Bernanke warned skeptical senators that the economy would plunge into recession without quick action.
While members of Congress have agreed in principle on aspects of the administration's proposal, many Democrats and some Republicans, like McCain, have insisted the plan deny "golden parachutes" to executives at failing financial firms.
Neither McCain nor his Democratic rival, Illinois Sen. Barack Obama, have left the campaign trail to return to Washington to address the crisis.
"In any solution, we must see accountability, we must see transparency, and we must make sure taxpayers' dollars don't line the pockets of executives," he said.
McCain spoke briefly after touring Nova Machine Products, which supplies parts to nuclear power plants around the country. He called again for the construction of 45 new nuclear power plants by 2030, both to ease U.S. dependence on foreign oil and to create jobs in the energy sector.
He also visited campaign volunteers at Baldwin-Wallace College where he lowered expectations for his own performance in his first campaign debate with Obama in Mississippi on Friday.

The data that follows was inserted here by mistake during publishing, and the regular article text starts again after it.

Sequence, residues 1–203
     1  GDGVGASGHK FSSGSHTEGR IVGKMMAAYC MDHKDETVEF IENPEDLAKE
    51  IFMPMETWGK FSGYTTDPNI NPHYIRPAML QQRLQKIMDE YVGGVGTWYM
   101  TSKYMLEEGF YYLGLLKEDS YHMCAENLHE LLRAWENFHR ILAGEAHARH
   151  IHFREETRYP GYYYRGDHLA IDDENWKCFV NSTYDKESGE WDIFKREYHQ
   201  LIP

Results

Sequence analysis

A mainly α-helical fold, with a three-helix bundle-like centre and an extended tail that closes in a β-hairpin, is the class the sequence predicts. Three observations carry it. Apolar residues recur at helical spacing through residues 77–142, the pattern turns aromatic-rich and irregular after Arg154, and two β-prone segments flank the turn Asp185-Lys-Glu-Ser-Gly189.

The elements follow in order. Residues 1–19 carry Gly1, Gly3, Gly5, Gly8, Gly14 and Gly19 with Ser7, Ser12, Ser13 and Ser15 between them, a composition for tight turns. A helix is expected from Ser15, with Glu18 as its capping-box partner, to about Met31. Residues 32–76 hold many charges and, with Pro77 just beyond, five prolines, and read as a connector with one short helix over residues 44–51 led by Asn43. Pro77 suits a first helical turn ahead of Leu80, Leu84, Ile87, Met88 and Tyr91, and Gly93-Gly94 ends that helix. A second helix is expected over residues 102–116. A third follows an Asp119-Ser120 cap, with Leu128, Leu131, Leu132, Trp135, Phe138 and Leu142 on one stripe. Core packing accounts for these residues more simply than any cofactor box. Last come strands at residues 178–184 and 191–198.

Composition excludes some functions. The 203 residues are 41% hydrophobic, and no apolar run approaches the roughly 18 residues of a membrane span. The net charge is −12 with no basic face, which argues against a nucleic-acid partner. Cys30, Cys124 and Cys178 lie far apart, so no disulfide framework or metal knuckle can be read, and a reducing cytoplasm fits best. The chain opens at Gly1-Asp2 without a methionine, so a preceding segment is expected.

"Have no doubt about the capabilities of Sen. Obama to a debate. He's very, very good," McCain said. "He was able to defeat Sen. Hillary Clinton, who, as we all know, is very accomplished. He was able to, with his eloquence, inspire a great number of Americans. These will be tough debates."
Earlier, McCain accepted the endorsement of a local chapter of the International Union of Operating Engineers, where he ignored shouted questions from reporters about the bailout proposal. McCain has not held a formal press conference since Aug. 13, but aides said he planned to take some questions from reporters before a campaign stop in Michigan later Tuesday.